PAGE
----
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Working titles for the film were One Trip Across, The Gunrunners and The Gun Runner. The story was based on an Ernest Hemingway short story published in April 1934, entitled "One Trip Across," that partially served as the basis for Hemingway's 1937 novel To Have and Have Not. According to a February 1958 Daily Variety news item, Hemingway protested the use of the title "One Trip Across" despite producer Clarence Greene's assertion that the author had not read the script. Greene insisted the property, which Warner Bros. had filmed first in 1944 as To Have and Have Not then in 1950 as The Breaking Point (see AFI Catalog of Feature Films; 1941-50), was part of the property sold to Howards Hughes, resold to Warner Bros. and eventually sold again to Eliot Hyman and Ray Stark, owners of Seven Arts Productions. The Gun Runners was the company's first release.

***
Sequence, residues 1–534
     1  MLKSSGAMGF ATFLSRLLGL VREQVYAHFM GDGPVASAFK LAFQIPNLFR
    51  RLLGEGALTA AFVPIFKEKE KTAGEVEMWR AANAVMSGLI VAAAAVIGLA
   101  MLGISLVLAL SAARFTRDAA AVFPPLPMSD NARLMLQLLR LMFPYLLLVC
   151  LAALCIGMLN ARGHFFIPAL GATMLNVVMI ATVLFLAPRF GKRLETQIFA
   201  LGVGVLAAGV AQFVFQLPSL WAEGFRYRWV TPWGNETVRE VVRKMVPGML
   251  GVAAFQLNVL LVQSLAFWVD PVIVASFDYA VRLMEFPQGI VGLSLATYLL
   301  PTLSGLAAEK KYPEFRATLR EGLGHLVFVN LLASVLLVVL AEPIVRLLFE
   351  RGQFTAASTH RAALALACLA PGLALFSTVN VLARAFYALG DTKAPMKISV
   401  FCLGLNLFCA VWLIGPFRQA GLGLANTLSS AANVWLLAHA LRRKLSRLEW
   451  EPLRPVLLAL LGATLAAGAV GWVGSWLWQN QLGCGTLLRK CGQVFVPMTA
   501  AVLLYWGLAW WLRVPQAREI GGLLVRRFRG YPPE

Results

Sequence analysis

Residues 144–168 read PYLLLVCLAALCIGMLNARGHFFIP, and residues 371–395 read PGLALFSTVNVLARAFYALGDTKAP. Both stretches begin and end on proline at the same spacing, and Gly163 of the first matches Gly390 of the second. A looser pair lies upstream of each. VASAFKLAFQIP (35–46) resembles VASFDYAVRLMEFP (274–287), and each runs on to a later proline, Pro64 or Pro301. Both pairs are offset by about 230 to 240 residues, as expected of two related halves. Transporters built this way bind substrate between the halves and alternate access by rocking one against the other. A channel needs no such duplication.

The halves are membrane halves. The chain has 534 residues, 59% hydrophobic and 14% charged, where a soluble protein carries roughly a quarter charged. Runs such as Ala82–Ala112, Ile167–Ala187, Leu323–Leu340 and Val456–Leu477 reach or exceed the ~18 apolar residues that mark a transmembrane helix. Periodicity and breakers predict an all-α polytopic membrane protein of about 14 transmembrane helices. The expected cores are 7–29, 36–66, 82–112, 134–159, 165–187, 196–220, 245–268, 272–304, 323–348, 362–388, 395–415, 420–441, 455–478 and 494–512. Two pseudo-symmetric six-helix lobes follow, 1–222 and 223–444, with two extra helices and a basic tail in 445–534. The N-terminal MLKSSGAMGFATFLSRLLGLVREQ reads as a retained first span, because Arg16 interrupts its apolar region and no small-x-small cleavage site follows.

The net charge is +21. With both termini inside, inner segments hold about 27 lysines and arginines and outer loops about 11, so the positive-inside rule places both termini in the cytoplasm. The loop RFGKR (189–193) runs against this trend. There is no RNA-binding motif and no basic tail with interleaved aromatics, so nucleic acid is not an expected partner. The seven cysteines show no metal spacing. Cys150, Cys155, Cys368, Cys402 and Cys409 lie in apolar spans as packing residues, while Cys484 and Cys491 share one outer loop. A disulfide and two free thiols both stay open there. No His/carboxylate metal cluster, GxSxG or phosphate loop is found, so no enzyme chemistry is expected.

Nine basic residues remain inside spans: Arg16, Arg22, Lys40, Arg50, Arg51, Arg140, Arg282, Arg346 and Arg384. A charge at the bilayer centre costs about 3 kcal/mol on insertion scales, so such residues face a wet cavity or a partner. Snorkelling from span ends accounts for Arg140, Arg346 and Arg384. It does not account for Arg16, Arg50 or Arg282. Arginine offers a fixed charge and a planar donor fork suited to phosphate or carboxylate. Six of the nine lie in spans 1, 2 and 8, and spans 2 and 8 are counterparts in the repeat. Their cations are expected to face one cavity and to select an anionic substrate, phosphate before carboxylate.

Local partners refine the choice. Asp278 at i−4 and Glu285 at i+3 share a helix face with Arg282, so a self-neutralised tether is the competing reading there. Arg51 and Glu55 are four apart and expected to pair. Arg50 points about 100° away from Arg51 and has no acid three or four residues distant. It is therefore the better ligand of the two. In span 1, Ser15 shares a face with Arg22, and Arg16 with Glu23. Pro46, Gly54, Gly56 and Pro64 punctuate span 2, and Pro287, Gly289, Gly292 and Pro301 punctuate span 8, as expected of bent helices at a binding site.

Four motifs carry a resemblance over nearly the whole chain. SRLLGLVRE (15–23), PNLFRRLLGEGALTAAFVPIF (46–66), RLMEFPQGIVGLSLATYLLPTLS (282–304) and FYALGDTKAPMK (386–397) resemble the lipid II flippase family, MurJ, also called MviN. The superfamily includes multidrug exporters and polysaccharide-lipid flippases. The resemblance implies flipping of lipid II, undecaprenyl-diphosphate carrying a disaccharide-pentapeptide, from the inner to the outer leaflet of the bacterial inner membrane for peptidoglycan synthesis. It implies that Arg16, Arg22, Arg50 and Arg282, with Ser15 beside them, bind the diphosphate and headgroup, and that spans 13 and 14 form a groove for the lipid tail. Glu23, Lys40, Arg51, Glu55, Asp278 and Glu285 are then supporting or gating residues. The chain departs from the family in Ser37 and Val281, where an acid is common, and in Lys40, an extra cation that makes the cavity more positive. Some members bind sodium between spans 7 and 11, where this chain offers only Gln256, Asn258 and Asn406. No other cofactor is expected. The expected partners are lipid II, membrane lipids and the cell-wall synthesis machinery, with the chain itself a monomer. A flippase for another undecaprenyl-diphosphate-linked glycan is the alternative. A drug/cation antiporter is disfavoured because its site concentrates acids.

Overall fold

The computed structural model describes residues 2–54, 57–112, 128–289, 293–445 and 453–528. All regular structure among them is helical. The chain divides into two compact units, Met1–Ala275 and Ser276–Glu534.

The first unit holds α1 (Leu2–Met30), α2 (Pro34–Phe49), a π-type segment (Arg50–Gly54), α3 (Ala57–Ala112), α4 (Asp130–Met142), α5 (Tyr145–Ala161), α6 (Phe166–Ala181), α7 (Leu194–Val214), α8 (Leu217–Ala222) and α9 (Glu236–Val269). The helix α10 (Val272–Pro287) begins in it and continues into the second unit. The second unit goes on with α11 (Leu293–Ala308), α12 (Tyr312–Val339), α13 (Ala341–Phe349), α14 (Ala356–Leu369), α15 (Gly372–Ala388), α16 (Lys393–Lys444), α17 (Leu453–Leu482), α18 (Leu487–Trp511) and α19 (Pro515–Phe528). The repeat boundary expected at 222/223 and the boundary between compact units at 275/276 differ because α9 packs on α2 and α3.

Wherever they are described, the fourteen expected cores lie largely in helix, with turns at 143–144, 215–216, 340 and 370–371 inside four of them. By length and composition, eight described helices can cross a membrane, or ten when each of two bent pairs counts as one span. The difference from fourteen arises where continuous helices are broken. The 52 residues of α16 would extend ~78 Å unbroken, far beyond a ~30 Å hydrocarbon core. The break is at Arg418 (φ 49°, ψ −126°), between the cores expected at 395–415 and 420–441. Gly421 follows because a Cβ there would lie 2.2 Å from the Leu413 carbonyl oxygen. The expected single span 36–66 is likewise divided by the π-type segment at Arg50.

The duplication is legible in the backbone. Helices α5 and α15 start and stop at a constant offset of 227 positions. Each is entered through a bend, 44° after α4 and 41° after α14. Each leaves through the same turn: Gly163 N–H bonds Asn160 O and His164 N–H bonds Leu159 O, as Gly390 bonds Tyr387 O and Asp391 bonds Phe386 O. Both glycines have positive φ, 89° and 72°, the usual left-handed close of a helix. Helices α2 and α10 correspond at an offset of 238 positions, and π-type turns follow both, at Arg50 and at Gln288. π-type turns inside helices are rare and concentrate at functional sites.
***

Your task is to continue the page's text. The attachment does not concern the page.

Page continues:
Hemingway, at the time of The Gun Runners was released a resident of Cuba, also protested the change in plot line from rum running in Prohibition Cuba to gun running during the Cuban revolution. The film was released without further protest from Hemingway. Although a Hollywood Reporter news item lists Joey Ray and Billy Wayne in the film, their appearance in the final film has not been confirmed. Portions of the film were shot on location in Balboa and Newport Bay, CA.